I have got an Ubuntu Linux without x server installed on it (because it's only a gateway). I am requested by an application (ossec,-my question is not ossec related-) to paste information into the terminal. I have got the info in a file in ~/. the information to paste is:


I do not know how to paste it.

Here is what I have got:

* OSSEC HIDS v2.8 Agent manager.        *
* The following options are available:  *

 (I)mport key from the server (I).
Choose your action: I or Q: I

*Provide the key generated by the server.
* The best approach is to cut and paste it. 
*** OBS: do not include spaces or new lines. 

Paste it here (or '\q' to quit): 

thank you folks!

  • 3
    Since you revealed it to the entire internet, you need to destroy and re-create that key now (unless it's a public key, but it sounds like it isn't). – zwol Jul 28 '15 at 18:37
  • 1
    even though it's redacted, the key is available to anyone by looking at the edit history of the question. You should follow @zwol's advice. – drs Jul 28 '15 at 21:04
  • @drs I flagged the question (and the answer below that repeated the key) for a moderator to maybe lock out access to the edit history. Shoulda done that hours ago, thanks for the reminder. – zwol Jul 29 '15 at 3:07

Use gpm. You can install it with

sudo apt-get install gpm

Once that is finished, you will have a working mouse. Now you can cat the file that contains your data, select it and then paste it with the middle mouse button.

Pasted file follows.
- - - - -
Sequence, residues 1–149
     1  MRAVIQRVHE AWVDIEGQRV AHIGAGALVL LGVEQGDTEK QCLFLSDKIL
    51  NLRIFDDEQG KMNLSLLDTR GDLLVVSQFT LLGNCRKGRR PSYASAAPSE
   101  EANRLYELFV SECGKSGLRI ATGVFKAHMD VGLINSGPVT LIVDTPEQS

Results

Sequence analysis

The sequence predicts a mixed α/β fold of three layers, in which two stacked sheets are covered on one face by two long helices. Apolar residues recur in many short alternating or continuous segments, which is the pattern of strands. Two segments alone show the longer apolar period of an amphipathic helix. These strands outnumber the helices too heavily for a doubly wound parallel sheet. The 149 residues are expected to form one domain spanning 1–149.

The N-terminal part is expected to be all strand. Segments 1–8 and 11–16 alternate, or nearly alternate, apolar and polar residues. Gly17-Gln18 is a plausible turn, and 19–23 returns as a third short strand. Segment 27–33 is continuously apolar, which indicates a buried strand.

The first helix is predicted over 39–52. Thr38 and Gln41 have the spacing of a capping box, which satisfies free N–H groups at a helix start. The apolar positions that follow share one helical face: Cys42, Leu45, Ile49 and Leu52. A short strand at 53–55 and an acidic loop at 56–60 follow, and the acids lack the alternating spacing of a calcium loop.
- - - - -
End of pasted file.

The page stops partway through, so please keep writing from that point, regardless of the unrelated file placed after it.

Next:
Assuming, of course, that you have a mouse.


Looks like redirecting standard input may work for you. Try creating a file (named 'myinput') with two lines:

(the key goes here)

and run your command again like this:

cmd < myinput

The less-than sign above will send the contents of 'myfile' to your command as if it was typed on the keyboard.

If your command is actually a shell script you may also be able to dissect it and figure out how to submit your key directly to the underlying program.

  • The first line answers the first question "import or quit", the second supplies the key. Both lines should end with newline characters. – duanev Jul 28 '15 at 16:11
  • Yes, sorry, I had missed that the program read input twice. I saw and deleted my comment. – terdon Jul 28 '15 at 16:13

Have a look on how screen or tmux do cut'n'paste. Both mimic cut'n'paste using cursor keys and some other command keys, so this will work wherever you can start screen or tmux. No real mouse is needed, will work via ssh too...


If you have physical access to that server's text console and a mouse is attached, read about gpm which will give you a mouse for the text consoles which can do cut'n'paste as usual.

In this context screen or tmux will work too. It's never a mistake to know at least one of them...

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